Biden Administration Promises Predictability on Future Extensions of the Public Health Emergency

In a recent letter to Governors, Acting Health and Human Services Secretary Norris Cochran signaled that the COVID-19 public health emergency (PHE) “will likely remain in place for the entirety of 2021.” Moreover, the letter assures states that when a determination is made to terminate the PHE or let it expire, HHS will provide states with 60 days’ notice. By law, a PHE is limited to a 90-day period but it can be terminated early or extended. The Biden Administration’s announcement is a big deal because our nation’s public health response to the pandemic, as well as efforts to support families and shore up the economy, are inextricably linked to the PHE.

Enhanced federal funding for Medicaid would continue through March 2022.

For state budgets, the announcement provides greater certainty of the 6.2 percentage point increase in the Medicaid Federal Medical Assistance Percentage (FMAP) until the end of the quarter in which the PHE expires or is terminated. If extended through the entirety of 2021, the earliest the PHE would expire would be January 16, 2022, meaning states can count on the FMAP bump through March 2022 (three-quarters of most states’ fiscal years).

Continuous enrollment in Medicaid would continue through January 2022.

To claim the enhanced match, states must continue to meet the conditions of the maintenance of effort (MOE) provisions in the Families First Coronavirus Response Act. Importantly, the MOE protects Medicaid enrollees with continuous coverage until the end of the PHE and prohibits states from rolling back eligibility or imposing new administrative barriers to enrollment. Initially, HHS issued guidance in the form of FAQs that also disallowed states from reducing benefits or increasing cost-sharing. But those protections were shattered when HHS rammed through an interim final rule in early November, reversing aspects of its prior guidance without going through the regular rulemaking process that incorporates public comment before finalizing a new regulation.

States will have more time to prepare to return to normal operations.

The Biden Administration’s promise to provide 60 days’ notice before the end of the PHE is critical for states to initiate the steps needed to resume normal operations. For example, states will need to make changes to their eligibility systems, an effort that requires lead time for computer programming and testing. CMS recently released guidance on unwinding the MOE continuous enrollment provisions and has subsequently posted two tools to assist state planning efforts. The first tool focuses on eligibility and enrollment pending actions and the second provides assistance in general planning to restore regular Medicaid and CHIP operations. (Stay tuned for future blogs on the unwinding guidance and tools).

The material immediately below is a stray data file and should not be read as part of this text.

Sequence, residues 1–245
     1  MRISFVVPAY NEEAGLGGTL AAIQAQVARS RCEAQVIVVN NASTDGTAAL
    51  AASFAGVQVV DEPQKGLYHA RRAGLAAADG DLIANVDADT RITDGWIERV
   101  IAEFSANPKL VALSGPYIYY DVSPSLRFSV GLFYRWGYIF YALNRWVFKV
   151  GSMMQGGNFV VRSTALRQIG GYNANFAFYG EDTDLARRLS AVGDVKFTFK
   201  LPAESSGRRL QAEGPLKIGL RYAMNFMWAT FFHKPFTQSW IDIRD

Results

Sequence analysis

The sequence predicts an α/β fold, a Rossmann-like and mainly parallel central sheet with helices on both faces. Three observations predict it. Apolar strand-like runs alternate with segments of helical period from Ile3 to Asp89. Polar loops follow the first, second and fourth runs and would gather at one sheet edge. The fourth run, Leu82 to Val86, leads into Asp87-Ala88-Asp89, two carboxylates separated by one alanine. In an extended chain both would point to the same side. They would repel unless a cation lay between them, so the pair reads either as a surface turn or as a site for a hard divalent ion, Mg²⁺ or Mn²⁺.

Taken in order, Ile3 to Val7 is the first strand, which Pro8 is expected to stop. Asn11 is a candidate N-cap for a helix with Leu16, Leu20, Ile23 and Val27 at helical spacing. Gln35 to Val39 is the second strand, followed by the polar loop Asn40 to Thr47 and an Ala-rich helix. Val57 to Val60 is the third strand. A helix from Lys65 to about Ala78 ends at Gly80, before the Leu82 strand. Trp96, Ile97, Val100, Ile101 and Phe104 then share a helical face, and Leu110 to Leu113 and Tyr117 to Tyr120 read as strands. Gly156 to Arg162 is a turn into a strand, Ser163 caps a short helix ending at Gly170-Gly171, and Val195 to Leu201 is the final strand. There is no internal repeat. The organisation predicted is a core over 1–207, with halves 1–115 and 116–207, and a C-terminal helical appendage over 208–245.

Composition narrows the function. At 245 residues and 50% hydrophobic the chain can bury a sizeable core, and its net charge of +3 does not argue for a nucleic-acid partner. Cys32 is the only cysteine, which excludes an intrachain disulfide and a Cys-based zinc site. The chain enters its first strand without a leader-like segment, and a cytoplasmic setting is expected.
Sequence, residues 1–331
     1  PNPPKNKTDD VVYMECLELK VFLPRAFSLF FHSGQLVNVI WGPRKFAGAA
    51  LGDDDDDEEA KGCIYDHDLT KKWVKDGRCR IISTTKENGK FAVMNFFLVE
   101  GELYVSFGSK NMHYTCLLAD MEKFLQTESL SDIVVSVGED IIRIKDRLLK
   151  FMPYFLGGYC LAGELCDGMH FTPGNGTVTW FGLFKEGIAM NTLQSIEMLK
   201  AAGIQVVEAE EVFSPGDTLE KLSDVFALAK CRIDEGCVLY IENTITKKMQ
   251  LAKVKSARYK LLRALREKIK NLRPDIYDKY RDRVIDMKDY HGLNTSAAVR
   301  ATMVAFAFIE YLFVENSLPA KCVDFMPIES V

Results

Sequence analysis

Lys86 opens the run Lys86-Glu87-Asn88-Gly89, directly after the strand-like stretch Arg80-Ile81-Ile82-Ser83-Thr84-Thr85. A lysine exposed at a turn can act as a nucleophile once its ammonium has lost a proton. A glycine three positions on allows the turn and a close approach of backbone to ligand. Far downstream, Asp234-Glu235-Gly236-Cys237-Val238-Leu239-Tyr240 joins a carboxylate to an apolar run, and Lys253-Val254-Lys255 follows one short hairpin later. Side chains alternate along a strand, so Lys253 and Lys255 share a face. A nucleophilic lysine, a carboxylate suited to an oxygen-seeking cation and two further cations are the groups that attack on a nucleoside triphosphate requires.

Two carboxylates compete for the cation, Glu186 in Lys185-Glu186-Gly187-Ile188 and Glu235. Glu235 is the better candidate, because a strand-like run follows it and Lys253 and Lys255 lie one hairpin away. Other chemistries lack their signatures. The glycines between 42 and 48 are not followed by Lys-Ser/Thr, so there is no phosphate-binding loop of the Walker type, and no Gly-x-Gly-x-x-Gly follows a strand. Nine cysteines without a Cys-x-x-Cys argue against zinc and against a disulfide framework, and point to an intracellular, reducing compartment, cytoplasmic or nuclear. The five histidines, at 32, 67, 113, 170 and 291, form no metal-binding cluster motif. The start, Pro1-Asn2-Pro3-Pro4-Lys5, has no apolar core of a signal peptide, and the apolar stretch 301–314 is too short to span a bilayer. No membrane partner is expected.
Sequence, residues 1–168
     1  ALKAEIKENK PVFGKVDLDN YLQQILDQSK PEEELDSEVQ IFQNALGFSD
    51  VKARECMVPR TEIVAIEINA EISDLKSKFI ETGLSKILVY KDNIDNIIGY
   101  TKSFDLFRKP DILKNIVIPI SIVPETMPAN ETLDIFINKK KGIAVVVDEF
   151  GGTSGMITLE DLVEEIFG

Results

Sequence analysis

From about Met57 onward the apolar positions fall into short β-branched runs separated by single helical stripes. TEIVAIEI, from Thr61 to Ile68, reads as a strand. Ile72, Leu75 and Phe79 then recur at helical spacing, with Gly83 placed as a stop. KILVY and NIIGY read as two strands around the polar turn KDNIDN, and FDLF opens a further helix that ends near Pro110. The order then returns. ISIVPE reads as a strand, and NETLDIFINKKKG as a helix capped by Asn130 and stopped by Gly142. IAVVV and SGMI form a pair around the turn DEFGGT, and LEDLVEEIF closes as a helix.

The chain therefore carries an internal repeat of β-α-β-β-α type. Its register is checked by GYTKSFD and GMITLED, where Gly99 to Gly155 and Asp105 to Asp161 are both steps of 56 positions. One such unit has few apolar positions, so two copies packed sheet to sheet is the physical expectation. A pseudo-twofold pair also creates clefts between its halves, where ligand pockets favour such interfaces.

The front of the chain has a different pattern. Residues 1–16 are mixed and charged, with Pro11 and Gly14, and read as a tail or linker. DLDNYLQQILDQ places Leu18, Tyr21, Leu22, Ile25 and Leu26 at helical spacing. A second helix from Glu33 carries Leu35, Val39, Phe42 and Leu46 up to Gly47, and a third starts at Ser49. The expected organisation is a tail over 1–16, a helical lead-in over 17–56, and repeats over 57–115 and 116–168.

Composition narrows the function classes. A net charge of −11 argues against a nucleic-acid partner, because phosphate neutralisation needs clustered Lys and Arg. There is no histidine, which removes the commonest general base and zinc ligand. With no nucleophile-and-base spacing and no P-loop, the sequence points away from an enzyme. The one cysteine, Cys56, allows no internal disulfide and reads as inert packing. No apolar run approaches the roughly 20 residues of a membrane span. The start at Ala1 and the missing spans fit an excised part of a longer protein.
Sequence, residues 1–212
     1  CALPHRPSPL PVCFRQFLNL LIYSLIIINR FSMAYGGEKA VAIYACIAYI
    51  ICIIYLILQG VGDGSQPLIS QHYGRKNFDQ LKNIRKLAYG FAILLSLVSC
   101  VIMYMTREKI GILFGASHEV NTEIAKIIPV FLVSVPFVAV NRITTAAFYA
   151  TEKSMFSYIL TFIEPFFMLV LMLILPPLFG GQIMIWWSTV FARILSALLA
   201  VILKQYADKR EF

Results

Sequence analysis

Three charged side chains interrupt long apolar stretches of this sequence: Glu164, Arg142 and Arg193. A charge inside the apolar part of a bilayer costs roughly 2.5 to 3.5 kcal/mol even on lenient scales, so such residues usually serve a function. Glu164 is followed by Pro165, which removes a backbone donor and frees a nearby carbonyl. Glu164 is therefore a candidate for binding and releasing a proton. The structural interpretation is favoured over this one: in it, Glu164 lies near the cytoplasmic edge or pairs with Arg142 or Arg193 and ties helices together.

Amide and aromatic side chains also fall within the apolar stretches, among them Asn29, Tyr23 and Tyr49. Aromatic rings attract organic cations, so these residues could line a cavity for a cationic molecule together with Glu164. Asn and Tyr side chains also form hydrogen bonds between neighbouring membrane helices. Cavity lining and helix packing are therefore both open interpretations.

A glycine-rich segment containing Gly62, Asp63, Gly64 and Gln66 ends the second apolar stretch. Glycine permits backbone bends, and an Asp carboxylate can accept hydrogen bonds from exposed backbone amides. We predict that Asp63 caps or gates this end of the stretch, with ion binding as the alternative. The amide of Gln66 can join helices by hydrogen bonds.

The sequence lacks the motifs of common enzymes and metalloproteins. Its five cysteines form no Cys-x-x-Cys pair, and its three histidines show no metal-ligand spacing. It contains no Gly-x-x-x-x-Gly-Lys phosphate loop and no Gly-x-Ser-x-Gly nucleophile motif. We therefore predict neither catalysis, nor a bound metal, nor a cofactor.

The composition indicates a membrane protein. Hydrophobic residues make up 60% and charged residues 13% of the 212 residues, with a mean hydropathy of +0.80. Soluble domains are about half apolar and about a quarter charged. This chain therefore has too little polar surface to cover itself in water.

New CMS leadership will have time to adopt additional strategies to ensure that eligible individuals do not lose coverage at the end of the PHE.

My biggest concern about the end of the PHE is that we will see immediate mass disenrollments that will overwhelm a state’s capacity to assist eligible individuals in retaining coverage. Certainly, we don’t want to repeat the experience of states such as Missouri and Tennessee that disenrolled large numbers of eligible children when they resumed the processing of renewals after months of delay.

When the first COVID public health emergency (PHE) was declared one year ago, few of us could have predicted the pandemic’s devastating impact on public health and our economy. But as COVID ravaged the country, attempts to downplay the crisis rather than follow the science and make the hard choices to get the virus under control deepened a cultural and political divide that has threatened our democracy. Despite overt evidence that we were nowhere near the end of the crisis, the prior Administration extended the PHE mere days before it was due to expire in April and July 2020, creating significant anxiety for states and Medicaid stakeholders. Only after being pressured for more advance notice did HHS extend the PHE a couple of weeks in advance of the October 2020 and January 2021 expiration dates.

The Biden Administration’s letter to Governors is a refreshing and welcomed change in approach to the pandemic and PHE. It provides increased state budget stability and greater predictability as we work to conquer the virus, revive our economy, and restore faith and confidence in government.


Tricia Brooks is a Research Professor at the Center for Children and Families (CCF), part of the McCourt School of Public Policy at Georgetown University.